Eamon Sweeney (firstname.lastname@example.org) @ The Derry Journal writes:
A series currently being run each Friday in the ‘Derry Journal’ penned in 1953 by former Irish Volunteer Liam A Brady charting Derry’s part in the struggle for Irish independence from 1913-1923 has prompted the relatives of one man from the city to tell the tale of how he played a full role in the events of that turbulent period.
In the documents retrieved from Dublin by his family many years later the depth of the role that he played both in Derry City and in Co Donegal in the ‘troubled times’ are revealed. In order to make a claim for a pension from Dublin it was necessary for former Volunteers to submit a statement to the Board that approved or denied this financial allowance.
|Dan Black and his wife pictured on a trip to Dublin for the commemoration of the 1916 Rising.|
The text of the letter runs as follows.
I took active part in the week’s fighting in the city against the Imperial Forces in June, 1920. I done picket duty on Protestant property in July, 1920 and street patrols for the preventing of looting, raiding for stolen property, guarding prisoners, parades, drilling and company routine work. I acted as a armed guard on Republic Courts at I.R.A headquarters.
|Members of the Derry Brigade of the IRA on procession during De Valera's visit.|
On April 1 I took part in an attack on the Lecky Road Barracks occupied by the RIC. A policeman was killed, and one died from his wounds. On April 12 I took part in an armed raid on the Great Northern Railway Goods Depot. One Sergeant of the B Specials was shot.
|Republicans on board a lorry which was part of the cavalcade that greeted De Valera on his arrival in Derry.|
It was while on this work that I was captured in the early hours of the morning by the National Forces. I escaped.
I declared this to be a truthful statement to the best of my knowledge.
Through this statement it becomes obvious that Dan Black was a member of the Anti-Treaty forces during the Civil War period. The simple declaration of the his role was not enough to ensure that he would be awarded a pension. His claims would first have to be counter-signed by witnesses before even begin considered by the Military Service Pensions Board.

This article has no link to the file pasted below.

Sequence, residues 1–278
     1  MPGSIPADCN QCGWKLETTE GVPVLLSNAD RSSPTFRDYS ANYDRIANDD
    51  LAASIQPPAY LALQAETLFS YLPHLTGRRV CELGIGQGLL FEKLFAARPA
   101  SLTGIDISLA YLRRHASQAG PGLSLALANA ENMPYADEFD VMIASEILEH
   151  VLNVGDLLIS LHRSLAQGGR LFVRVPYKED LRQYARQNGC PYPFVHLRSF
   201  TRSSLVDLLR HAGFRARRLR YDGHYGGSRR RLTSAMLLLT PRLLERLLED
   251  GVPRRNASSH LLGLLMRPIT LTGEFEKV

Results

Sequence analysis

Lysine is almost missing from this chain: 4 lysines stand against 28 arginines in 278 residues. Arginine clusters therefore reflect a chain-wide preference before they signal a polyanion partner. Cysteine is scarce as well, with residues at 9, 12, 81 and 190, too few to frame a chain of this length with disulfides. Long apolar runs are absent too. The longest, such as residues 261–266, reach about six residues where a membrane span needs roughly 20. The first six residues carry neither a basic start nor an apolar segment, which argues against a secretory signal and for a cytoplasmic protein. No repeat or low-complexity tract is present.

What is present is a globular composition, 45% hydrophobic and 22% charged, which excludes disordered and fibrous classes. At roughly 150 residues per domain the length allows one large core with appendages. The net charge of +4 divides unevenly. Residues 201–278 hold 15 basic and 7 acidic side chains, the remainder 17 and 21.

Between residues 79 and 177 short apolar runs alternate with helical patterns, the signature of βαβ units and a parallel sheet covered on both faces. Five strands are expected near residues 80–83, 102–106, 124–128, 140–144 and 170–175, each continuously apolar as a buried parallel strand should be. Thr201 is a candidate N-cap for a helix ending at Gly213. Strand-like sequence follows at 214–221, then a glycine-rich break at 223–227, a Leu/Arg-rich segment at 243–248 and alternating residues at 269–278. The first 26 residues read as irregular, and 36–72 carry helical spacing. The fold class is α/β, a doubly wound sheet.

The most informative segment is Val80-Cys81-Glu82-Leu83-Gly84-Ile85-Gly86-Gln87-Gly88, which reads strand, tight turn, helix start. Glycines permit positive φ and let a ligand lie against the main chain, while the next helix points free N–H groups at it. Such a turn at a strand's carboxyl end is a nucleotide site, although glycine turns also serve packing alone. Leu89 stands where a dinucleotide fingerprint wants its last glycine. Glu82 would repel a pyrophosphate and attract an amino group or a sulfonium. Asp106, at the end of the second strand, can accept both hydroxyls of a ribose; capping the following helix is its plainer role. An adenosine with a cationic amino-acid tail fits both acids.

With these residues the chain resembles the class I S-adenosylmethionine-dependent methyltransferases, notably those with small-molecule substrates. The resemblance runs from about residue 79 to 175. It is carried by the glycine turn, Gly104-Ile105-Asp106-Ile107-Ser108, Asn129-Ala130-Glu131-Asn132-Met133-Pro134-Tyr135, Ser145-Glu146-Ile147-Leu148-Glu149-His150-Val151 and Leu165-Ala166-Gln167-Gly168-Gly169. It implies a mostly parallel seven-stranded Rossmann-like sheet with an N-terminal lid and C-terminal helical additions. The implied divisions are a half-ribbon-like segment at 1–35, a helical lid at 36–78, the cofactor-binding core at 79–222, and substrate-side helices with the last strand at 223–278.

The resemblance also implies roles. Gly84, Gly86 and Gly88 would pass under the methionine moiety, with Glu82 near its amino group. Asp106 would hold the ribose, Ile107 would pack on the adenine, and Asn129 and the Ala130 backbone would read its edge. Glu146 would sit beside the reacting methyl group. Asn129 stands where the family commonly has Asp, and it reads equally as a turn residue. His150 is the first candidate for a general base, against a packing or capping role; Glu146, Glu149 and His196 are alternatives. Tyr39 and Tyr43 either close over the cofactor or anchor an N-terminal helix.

|Crowds begin to gather along the Lone Moor Road to await the arrival of Eamon de Valera when he paid a visit to Derry in 1951.|
This period of service was verified by his officer in command in the city at the time, well-known Republican figure, Patrick Shiels. Two other officers also verified that Dan Black had taken part in the defence of Derry during the pogrom of 1920 at St Columb’s College when it was attacked. Those other I.R.A. men were Henry Moore who became an officer in the Free State Army and John Mullan, listed as being from Argyle Street in Derry. This section of the form also verifies Mr Black’s declaration of having participated in the attack on Lecky Road Barracks as well as having ambushed police at the city’s General Post Office.
Activities in Co Donegal
As stated in his declaration Dan Black also operated within the I.R.A. in Co Donegal and in this section of the pension form it is verified by an I.R.A. man in the area at the time, Sean Hegarty, that he was trusted to an extent that saw him sent to Birr, now County Offaly, and bring weapons back to Donegal.
Other referee’s to Dan Black’s activities in Donegal were Captain John Mullan of the Free State Army and Captain William Doherty of Buncrana. Officer in command in this area of Donegal is listed as S Lehane who also said that the Derry man took part in all engagements against Free State troops in Co Donegal.
Men who also backed up Dan Black’s claims were high-ranking Derry republican John Fox as well as Peadar O’Donnell and a John O’Neill from Coalisland in County Tyrone.
Dan Black himself wrote: “We ambushed the police force in Clady, Co Tyrone and I was in charge of operations. Peadar O’Donnell came to my rescue with 100 men.
“I was appointed by S Lehane to the rank of captain in 1922 and I was a captain until the end of hostilities. I was not in the Free State Army.”
Notably, Dan Black’s witness statements on his pension forms are signed off by Patrick Maxwell the notable solicitor and abstentionist nationalist MP for Derry at Stormont in that era.
Dan Black passed away in 1961 at the age of 62 whilst at the family’s holiday home at Quigley’s Point in Donegal. He is buried in Derry City Cemetery.
|Dan Black pictured at the back on the left on a trip to Dublin with fellow IRA veterans. The ex Volunteers can be seen wearing their medals from the War of Independence.|
|A picture of the Derry IRA training in a field believed to be behind were the Creggan Estate is now around 1920. Dan Black is pictured kneeling sixth from the right pointing his rifle.|